Successfully transplanting Japanese maple trees is based on several factors.
1. The size of the tree to be transplanted
2. The age of the tree
3. The overall health
4. What is the condition of the root system
5. Timing (when to transplant)
The size of the tree is most important, not whether or not the tree will survive a transplant, but what size of a root ball must be dug, picked up, transported and replanted. In theory any size tree can be moved if enough of the root system remains undamaged during the transplanting. A root system of a mature 6-8 foot Crimson Queen Japanese Maple allowed to develop naturally without any restrictions can spread out over 12 feet wide and up to 3 feet deep. This is a huge root ball and probably not anything a homeowner without heavy equipment would be able to tackle.
However a 3-4 year old tree, 3 feet tall and wide is a size a homeowner could move with some help. Generally speaking, a tree with a trunk caliper of less than 1 inch (about the size of a broom handle) could be moved with a 12-18 inch root ball. This root measurement is tall and wide and weigh about 50-80 lbs. A 1-2 inch caliper tree would need an 18-24 inch root ball weighing about 80-150 lbs, a 2-3 inch caliper tree would have a 24-30 inch root ball weighing about 150-300 lbs.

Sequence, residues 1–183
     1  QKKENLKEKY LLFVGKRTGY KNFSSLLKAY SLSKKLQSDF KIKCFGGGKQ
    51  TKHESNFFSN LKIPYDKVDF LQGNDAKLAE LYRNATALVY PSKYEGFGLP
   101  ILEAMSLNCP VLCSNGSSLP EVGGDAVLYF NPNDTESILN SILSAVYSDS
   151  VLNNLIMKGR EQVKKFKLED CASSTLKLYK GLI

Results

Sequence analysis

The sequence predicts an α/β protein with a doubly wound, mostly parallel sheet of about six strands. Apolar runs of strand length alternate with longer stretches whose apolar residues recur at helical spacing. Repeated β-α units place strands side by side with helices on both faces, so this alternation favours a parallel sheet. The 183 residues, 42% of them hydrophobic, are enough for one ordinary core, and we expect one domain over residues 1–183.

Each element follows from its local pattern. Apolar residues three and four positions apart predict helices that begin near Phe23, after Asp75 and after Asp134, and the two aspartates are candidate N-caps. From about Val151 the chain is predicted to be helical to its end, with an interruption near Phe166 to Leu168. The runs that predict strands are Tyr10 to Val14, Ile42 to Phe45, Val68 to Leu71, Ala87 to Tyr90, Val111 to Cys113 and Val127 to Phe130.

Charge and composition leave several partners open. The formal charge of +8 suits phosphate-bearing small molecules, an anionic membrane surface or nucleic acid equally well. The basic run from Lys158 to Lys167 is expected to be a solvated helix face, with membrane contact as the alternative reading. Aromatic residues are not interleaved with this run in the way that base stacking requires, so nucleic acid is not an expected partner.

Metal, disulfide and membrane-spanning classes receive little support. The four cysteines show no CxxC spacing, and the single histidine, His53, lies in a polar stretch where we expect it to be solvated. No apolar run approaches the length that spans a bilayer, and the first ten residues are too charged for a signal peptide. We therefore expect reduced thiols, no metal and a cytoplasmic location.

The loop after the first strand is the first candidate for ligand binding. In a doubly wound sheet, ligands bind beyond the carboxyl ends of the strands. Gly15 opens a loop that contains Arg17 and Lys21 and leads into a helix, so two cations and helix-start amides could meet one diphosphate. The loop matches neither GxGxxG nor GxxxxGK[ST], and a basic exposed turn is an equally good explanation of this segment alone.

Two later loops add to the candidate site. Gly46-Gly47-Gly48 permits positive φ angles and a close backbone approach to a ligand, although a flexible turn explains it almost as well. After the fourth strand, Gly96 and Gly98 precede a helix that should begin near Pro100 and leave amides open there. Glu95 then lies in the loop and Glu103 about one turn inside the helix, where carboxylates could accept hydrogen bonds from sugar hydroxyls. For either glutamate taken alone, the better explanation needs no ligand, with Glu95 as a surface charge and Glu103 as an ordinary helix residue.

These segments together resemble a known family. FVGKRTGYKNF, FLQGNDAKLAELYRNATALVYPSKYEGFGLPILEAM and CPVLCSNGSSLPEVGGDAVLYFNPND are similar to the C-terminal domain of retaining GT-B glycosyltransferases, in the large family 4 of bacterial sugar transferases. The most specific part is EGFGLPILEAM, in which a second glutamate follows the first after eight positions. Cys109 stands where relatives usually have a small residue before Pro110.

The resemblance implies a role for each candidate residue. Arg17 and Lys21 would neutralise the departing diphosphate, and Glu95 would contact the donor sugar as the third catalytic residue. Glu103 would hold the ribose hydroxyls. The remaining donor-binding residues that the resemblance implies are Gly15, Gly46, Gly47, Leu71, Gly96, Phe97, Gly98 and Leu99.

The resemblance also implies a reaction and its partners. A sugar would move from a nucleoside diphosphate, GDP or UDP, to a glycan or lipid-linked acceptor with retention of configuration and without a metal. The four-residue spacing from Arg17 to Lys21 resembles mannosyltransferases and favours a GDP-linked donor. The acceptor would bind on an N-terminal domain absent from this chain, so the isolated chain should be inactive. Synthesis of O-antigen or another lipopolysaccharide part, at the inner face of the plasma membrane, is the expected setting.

Age is also a factor as the older a tree, the further away from the trunk the feeder roots are located. For the sake of not getting too complicated, the root tips are where the majority of water and nutrients are absorbed. The part between the root tip and the trunk of the tree is more for structural support and does little to keep the plant nourished. So the older and larger a tree, the larger the root ball must be to contain enough viable root tips to continue to supply the tree with water and nutrients.
A healthy tree will have a better root system and will be more likely to survive a transplant. Normally a tree that looks sick on top will also have a compromised root system. It is possible and likely that some of the only viable roots will be severed, which will cause the tree to die as soon as it is stressed due to heat or drought.
Timing is also very important. It is best to transplant in late winter or very early spring just before the tree would naturally start breaking out into bud. I like this time for transplanting because it gives the tree the shortest time with a compromised root system before the soil starts to warm up and allows new roots to grow. Also by cutting some roots when digging the root ball, the tree will automatically be set back and will not push out new leaves as quickly. This will give the root system some extra time to become established before the tree has to support all the new leaves.
I also like to prune about 25% of a tree’s canopy back during a transplant. This will also reduce stress on the smaller root system.
Adding a low amount of a low nitrogen fertilizer and root stimulator during planting will help nourish the tree and aid in its survival.
Keep the soil moist but not overly wet. Roots grow when looking for water. If you keep the soil overly wet the roots will have no need to grow and will remain weak. Once the air temperature becomes hot, the tree will quickly become stressed because of the weak root system and will have a much lower rate of survival.
Follow these tips and you should be able to successfully transplant your Japanese maple tree.